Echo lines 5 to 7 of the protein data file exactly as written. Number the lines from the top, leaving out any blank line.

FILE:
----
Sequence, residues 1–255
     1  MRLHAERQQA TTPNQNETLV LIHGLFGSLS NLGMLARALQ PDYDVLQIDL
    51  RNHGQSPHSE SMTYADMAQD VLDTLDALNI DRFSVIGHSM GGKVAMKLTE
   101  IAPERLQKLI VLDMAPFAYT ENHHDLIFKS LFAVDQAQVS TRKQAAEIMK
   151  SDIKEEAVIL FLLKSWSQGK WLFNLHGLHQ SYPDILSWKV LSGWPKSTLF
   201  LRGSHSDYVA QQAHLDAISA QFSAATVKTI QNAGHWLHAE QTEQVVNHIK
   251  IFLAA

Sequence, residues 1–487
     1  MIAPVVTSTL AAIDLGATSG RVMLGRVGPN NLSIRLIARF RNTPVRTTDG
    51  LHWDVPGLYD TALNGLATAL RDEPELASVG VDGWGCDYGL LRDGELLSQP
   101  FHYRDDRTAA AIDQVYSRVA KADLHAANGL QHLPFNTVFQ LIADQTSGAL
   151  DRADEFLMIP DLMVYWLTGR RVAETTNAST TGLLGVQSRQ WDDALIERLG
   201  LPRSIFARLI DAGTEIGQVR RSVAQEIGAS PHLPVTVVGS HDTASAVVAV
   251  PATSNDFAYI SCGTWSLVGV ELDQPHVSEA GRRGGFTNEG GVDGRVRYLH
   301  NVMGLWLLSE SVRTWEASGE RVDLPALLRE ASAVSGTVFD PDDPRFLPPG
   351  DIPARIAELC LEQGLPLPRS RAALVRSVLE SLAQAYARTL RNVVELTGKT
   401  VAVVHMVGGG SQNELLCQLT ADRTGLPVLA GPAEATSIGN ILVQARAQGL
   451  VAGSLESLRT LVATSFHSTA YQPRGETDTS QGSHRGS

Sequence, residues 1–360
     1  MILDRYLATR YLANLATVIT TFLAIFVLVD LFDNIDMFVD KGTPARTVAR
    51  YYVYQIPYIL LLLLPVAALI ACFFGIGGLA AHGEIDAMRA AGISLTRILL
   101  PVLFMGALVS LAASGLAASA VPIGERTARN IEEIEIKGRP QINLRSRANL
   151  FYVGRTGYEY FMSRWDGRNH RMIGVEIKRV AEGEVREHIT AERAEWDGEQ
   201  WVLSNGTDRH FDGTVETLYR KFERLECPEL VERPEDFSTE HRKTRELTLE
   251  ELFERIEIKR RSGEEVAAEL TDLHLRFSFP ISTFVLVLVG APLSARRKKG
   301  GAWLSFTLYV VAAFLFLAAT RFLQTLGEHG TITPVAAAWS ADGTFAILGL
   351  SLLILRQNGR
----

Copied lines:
   151  SDIKEEAVIL FLLKSWSQGK WLFNLHGLHQ SYPDILSWKV LSGWPKSTLF
   201  LRGSHSDYVA QQAHLDAISA QFSAATVKTI QNAGHWLHAE QTEQVVNHIK
   251  IFLAA